Plastics hold there shape, after being deformed.
Not just most polymers are plastic, most metals are plastic. It just takes more force to make them deform.
Elastics return to their original shape, after being deformed.
Everything is elastic to some degree. Materials undergo elastic deformation, plastic deformation, and failure upon compression (squeezing) or tension (pulling).
Brittle materials can withstand little deformation, but are usually hard.
Ductile and malleable materials can withstand more deformation.
Tough materials can withstand both force and deformation.
Strong materials can withstand force under deformation.
Resilient materials can withstand elastic-deformation.
Hard materials require force to deface, scratch, or indent.
Metals freely conduct electrons with little or no applied voltage.
Examples are gold, aluminum, brass, and steel. Gold and aluminum are elements that in quantity form as metals when they are liquid or solid. At room temperature, mercury is a liquid metal. Brass and steel are a combination of elements (alloys) which form into a metal. Hey!, hydrogen (H) would form into a metal (the best) if you could get it cold enough.
Insulators do not conduct electrons.
Semiconductors conduct electrons when a moderate voltage is applied.
Examples are silicon and germanium.
Glasses contain lots of short-range order, and very little
long-range order. Huh? In a gas their is no order, and in
a crystal their is perfect order. The crystal has all of the
atoms, molecules, or subunits lined-up perfectly in a row,
like a three-dimensional tic-tac-toe board. All of the subunits are
the same distance from each other, the next subunits are twice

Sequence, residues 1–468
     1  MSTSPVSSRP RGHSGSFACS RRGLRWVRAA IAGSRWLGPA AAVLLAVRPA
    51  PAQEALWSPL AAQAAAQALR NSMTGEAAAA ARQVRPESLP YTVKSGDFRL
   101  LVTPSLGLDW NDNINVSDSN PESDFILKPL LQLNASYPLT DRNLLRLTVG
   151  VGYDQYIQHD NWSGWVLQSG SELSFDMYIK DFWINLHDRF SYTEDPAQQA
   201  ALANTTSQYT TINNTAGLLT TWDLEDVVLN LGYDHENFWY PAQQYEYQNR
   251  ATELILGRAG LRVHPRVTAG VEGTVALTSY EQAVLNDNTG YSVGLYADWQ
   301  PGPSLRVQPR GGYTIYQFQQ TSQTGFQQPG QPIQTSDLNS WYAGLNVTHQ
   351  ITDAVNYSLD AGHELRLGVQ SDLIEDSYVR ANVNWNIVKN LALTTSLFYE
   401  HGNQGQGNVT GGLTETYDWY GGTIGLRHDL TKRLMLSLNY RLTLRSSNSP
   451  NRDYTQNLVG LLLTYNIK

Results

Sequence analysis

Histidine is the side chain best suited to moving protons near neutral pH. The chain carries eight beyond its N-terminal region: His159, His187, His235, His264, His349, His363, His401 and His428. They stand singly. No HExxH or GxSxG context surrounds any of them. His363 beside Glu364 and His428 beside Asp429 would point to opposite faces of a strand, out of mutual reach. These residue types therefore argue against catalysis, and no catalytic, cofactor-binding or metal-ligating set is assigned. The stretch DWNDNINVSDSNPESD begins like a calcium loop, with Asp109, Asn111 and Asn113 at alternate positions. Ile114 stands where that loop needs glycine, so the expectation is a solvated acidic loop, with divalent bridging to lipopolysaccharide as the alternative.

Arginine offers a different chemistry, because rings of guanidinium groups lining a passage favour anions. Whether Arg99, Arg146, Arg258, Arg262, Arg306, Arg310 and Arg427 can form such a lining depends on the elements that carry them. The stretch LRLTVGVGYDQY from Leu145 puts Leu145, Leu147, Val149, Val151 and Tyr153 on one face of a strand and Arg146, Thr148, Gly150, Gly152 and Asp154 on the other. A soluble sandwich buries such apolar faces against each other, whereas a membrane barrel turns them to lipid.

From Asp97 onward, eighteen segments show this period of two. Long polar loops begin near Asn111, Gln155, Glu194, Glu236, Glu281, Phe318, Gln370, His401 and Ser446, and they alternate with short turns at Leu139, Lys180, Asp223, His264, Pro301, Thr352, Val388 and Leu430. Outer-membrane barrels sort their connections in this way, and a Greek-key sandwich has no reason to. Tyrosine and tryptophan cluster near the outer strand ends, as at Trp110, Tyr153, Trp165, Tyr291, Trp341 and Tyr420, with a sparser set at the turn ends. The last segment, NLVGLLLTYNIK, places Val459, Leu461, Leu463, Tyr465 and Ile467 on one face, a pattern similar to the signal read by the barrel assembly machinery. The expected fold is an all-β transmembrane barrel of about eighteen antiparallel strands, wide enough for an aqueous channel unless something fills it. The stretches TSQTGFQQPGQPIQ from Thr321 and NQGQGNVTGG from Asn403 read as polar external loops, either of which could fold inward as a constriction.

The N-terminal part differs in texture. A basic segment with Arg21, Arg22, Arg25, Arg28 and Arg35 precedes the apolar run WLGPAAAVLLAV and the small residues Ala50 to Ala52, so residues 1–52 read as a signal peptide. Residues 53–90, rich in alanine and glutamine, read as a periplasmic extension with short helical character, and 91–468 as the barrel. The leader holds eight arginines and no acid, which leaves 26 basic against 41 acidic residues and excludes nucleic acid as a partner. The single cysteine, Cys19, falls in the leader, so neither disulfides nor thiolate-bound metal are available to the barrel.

that distance, the next-next subunits are thrice that distance, etc....
In a glass, all of the subunits are the same distance apart,
but the next or next-next subunits are a different distance.
This usually occurs because all of the subunits are not lined
up is the same direction. Also, there can be many voids in a glass.
Finally, being a glass has nothing to do with being
transparent or brittle. You can get normally metallic materials
to form in a glass state. Beam me up, Scotty.
You can get most "plastics/polymers" to form in a glass state.
Crystals, I just told you what they are; they not glasses.
You can get single-crystal quartz and diamonds, they're cheap. Try getting a single-crystal of Rhenium or Osium. You can actually get single-crystal of most of the elements and tons of different molecules. Those semiconducting chips in your watch and computer are actually formed ontop of Silicon single-crystal wafers.
Polycrystalline materials are made up of lots of little crystals.
Most common metals are in a polycrystalline form when you get them.
Amorphous materials have no order or very little order. The atoms, molecules, or subunits of the material are arranged in a completely random manner.
Liquid Crystals are a liquid, because they can flow and not support shear forces. However, they are crystals, because they have order.
Polymers are long-chain molecules. Each chain is
made of small sub-units called mers. The chain is
just lots of mers; hence, POLY-MERS. The chains usually
don't stay straight (its difficult to be straight). Instead,
the chains 'ball-up' and intertwine. Interestingly, many
of your everyday polymers are plastics in a glass state.
Ceramics are any materials which are not organic and not metallic. They are not necessarily pottery or insulating. Infact, many high-temperature superconductors are actually ceramic, go figure.
Solids support shear forces.........i.e., solid!
Liquids do not support shear forces.........i.e., solid!
There are cases of materials which exhibit properties of being solid and liquid. There is not enough space here to discuss creep, flow, viscoelasticity, viscoplasticity, Newtonian Liquid, non-Newtonian Liquids, supercooling (yes it is real), polymorphism, and quasicrystals. There are shades of gray in this world. However, the primary definitions of materials are as listed above.
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